have understood it, but it still seemed injudicious. It said,
“The vitamins are really tranquilizers.” I take vitamins.
We both do. Barbara lays mine out for me when she takes hers.
I do not take tranquilizers of any kind and have not for over
six months. Dr Hanley said that there was no further need for
them. My blood pressure medication is sufficient to alleviate
the probability of either a stroke or a coronary. He assured me
of that. The woman was there when he told me. Barbara.
I must be very careful. Very appropriate
in my reactions.
We walked to the wedge tomb yesterday. It is larger than the picture
suggested and has a black hole of an entrance which resembles
a crooked mouth. Over-imaginative perhaps, but that’s what
it looked like to me. The B.P. took a snapshot of me standing
in front of it. B.P. is Barbara Person. I shall call her that
from now on, for the best of reasons. She is not Barbara. Looking
back, I am sure that I have not seen Barbara, the real Barbara,
since we left the States. Perhaps even before that. Once, when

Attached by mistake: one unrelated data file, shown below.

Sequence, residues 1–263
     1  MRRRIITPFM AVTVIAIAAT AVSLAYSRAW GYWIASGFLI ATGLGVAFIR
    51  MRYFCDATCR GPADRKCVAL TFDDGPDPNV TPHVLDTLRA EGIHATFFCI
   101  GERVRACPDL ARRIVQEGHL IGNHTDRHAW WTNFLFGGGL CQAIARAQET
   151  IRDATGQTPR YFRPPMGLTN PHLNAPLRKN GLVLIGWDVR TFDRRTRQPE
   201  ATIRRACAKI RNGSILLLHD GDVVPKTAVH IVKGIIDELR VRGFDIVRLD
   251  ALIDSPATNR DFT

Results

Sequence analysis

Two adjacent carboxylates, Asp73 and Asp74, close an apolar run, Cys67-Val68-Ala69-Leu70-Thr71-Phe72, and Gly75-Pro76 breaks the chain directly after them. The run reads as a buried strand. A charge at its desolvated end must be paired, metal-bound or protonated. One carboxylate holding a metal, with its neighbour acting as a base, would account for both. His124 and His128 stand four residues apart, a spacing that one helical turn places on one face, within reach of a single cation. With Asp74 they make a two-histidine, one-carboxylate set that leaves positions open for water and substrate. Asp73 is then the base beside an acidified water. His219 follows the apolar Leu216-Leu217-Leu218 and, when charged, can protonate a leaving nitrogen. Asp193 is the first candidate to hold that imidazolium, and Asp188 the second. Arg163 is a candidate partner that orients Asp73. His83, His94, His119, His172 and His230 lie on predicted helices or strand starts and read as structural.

we’d made our travel plans and begun to pack, I came upon
her crying. She tried to hide it from me, but she was crying and
I knew it. I am fairly convinced that it was Barbara that day.
Since then, I must assume that it has been the B.P.
We get on famously, the B.P. and I. I’m
sure she has no idea that I am aware of the deception. We laugh
a great deal and, just the other day, she said, “You are
so much better, aren’t you, darling?” Darling.
“Oh, yes,” I said, “ever
so much better.”
You can imagine how difficult it is for
me. But I am very accurate and disciplined in my thinking, and
I have stopped taking vitamins. She trusts me to remember them
myself, though she continues to administer my blood pressure medicine.
We spent over an hour at the wedge tomb